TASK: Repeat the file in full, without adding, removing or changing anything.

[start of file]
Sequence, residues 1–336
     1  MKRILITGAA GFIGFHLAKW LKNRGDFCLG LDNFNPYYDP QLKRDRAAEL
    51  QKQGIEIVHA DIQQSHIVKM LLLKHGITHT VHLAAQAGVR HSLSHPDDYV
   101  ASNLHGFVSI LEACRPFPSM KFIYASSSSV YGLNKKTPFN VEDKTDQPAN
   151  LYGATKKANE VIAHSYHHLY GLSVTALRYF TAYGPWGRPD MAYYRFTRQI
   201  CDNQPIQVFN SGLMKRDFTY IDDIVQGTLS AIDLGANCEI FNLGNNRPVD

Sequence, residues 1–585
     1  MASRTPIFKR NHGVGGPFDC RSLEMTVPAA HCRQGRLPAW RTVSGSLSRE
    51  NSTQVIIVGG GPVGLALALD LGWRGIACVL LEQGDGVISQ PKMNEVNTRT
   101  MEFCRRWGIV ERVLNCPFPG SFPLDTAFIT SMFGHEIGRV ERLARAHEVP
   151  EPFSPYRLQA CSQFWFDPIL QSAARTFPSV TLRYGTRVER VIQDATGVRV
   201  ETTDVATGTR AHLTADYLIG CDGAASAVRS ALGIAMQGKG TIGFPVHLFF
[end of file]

Sequence, residues 1–336
     1  MKRILITGAA GFIGFHLAKW LKNRGDFCLG LDNFNPYYDP QLKRDRAAEL
    51  QKQGIEIVHA DIQQSHIVKM LLLKHGITHT VHLAAQAGVR HSLSHPDDYV
   101  ASNLHGFVSI LEACRPFPSM KFIYASSSSV YGLNKKTPFN VEDKTDQPAN
   151  LYGATKKANE VIAHSYHHLY GLSVTALRYF TAYGPWGRPD MAYYRFTRQI
   201  CDNQPIQVFN SGLMKRDFTY IDDIVQGTLS AIDLGANCEI FNLGNNRPVD

Sequence, residues 1–585
     1  MASRTPIFKR NHGVGGPFDC RSLEMTVPAA HCRQGRLPAW RTVSGSLSRE
    51  NSTQVIIVGG GPVGLALALD LGWRGIACVL LEQGDGVISQ PKMNEVNTRT
   101  MEFCRRWGIV ERVLNCPFPG SFPLDTAFIT SMFGHEIGRV ERLARAHEVP
   151  EPFSPYRLQA CSQFWFDPIL QSAARTFPSV TLRYGTRVER VIQDATGVRV
   201  ETTDVATGTR AHLTADYLIG CDGAASAVRS ALGIAMQGKG TIGFPVHLFF